Today I decided to read some Canadian Church History that I found quite interesting. It is from a book called "The sword of Saint Paul : a history of the Diocese of Saskatoon, 1933-1983" by Duncan F. Robertson (http://www.ourroots.ca/e/page.aspx?id=1027450).
I was reading about Western Canadian Catholicism and thinking about how Roman Catholic Metis (Native tribe that was genetically of half-French, half-Indian) lived in the wilds and the forests, and still practiced their faith. As someone who can rarely find confession, etc, this interested me, and as most know, my primary devotion is the Rosary.
So it was interesting when I read about Bishop Albert Pascal O.M.I, and his mission work with these people on the frontier. In 1876 he wrote of their practices:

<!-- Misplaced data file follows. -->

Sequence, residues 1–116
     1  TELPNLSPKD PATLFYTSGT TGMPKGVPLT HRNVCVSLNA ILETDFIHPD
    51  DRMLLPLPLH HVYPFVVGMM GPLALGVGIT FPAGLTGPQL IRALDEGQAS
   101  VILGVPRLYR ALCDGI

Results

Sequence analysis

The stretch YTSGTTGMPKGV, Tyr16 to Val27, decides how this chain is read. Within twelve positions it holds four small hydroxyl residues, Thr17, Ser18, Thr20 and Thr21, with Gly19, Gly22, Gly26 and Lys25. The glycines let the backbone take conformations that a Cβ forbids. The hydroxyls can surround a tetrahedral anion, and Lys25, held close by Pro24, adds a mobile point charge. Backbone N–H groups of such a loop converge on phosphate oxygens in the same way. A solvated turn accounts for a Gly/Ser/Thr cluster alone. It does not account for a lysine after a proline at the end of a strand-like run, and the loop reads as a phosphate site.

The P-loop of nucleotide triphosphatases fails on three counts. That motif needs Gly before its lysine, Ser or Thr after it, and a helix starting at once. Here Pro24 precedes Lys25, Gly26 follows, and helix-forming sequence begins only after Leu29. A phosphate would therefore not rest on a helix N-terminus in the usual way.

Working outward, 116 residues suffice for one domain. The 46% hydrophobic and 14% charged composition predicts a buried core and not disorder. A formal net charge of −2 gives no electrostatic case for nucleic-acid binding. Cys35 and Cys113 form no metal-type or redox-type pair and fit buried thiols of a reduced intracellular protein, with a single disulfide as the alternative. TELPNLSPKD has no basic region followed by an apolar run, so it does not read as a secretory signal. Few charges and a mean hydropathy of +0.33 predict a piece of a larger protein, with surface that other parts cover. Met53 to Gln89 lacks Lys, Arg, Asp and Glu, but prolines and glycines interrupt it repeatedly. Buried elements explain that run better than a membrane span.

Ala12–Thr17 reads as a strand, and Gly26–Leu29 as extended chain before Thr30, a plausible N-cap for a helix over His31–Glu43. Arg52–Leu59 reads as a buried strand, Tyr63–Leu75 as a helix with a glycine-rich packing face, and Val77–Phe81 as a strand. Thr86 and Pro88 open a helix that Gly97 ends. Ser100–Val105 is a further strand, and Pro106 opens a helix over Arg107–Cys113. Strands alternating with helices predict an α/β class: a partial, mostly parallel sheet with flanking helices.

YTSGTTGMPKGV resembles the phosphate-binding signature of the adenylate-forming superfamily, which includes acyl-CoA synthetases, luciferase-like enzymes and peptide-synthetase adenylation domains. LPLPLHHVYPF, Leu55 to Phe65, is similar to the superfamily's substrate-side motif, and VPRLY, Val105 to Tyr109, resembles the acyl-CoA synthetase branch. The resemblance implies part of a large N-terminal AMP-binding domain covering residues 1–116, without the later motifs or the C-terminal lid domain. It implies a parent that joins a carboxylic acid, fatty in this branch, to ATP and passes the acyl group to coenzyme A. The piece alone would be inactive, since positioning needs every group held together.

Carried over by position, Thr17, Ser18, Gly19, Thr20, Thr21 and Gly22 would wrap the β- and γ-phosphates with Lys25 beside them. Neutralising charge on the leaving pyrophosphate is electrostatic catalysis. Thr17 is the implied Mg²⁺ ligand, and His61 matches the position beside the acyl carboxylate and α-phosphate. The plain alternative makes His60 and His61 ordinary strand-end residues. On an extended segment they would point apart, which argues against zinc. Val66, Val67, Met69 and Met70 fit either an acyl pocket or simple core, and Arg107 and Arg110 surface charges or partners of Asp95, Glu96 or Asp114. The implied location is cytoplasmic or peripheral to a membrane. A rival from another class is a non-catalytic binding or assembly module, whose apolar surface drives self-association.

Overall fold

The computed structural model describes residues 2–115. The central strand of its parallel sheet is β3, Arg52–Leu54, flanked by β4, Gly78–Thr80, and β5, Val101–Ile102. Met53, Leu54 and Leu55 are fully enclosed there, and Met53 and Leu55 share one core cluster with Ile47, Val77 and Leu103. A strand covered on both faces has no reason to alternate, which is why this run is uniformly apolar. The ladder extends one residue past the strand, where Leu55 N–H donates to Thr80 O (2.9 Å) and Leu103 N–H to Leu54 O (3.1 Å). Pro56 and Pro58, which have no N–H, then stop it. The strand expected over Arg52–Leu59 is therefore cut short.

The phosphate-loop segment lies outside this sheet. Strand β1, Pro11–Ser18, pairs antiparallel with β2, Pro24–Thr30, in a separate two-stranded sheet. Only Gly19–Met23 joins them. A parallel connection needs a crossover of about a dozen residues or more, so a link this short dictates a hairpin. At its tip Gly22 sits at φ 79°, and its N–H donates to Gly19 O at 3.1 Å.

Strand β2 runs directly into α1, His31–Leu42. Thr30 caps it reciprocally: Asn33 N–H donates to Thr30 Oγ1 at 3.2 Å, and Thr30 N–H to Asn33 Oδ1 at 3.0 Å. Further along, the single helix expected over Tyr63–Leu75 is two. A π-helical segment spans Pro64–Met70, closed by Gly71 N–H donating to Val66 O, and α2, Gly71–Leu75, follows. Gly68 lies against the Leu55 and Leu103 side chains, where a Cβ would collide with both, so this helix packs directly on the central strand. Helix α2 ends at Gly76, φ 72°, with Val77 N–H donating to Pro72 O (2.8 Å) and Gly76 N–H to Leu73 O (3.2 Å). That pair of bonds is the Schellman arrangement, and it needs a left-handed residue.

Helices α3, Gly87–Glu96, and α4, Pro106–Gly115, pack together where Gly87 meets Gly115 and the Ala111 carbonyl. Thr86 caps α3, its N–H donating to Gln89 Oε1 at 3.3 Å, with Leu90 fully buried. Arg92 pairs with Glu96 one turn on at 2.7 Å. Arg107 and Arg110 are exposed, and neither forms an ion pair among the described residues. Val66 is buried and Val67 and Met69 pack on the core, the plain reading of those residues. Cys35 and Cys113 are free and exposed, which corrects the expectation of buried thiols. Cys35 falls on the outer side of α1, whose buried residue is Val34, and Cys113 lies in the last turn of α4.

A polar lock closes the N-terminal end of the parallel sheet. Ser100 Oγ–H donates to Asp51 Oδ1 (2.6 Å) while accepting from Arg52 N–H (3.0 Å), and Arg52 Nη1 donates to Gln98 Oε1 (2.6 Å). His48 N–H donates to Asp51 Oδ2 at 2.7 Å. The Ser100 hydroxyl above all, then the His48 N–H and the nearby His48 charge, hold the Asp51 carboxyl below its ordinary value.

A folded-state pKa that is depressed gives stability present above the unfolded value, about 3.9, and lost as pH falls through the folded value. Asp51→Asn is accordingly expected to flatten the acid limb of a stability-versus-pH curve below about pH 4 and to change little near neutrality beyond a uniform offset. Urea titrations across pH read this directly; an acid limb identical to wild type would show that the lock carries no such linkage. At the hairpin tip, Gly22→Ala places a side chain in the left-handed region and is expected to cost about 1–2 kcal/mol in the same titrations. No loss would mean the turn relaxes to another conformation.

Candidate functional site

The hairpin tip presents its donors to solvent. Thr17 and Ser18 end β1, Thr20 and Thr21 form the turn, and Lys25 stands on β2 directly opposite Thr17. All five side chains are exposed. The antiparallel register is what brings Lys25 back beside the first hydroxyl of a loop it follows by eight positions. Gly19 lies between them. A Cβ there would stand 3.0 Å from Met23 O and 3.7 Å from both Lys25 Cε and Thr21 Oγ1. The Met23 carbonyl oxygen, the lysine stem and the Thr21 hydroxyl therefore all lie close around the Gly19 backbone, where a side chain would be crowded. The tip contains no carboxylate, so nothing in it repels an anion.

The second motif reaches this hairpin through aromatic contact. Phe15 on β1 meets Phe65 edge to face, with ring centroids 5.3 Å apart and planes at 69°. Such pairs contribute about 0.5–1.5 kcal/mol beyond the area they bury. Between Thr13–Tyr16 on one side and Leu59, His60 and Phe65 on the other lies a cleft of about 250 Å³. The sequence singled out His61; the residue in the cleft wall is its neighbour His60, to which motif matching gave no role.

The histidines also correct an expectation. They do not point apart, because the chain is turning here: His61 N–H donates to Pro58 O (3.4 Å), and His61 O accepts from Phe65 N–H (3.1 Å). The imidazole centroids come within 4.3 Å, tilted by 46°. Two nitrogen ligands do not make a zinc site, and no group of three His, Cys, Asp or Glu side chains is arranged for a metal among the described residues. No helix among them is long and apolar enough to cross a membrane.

"Several among them faithfully recite twice the beads every Sunday, as well as on on Fridays and days of fast and abstinence. When away from the priest and buried in the solitude of the woods, they gather up all their religious pictures, with which they decorate a tee pee, which for the nonce is transformed into a chapel. There they assemble to pray, and sing hymns in their language."
It makes me feel connected to the Canadian tradition of praying the rosary, that has gone back hundreds of years even in our relatively new state, and it makes me again wish I had a vocation to priesthood as I think of how those Metis Catholics had hymns to sing, thanks to the Missionary Jesuits who translated them into the vernacular. In any case, I hope to be one of those proud laymen, faithfully praying the rosary my whole life. If I can do that, I will have carried on the tradition.
May God advance his Church in our country, and may God save the Queen.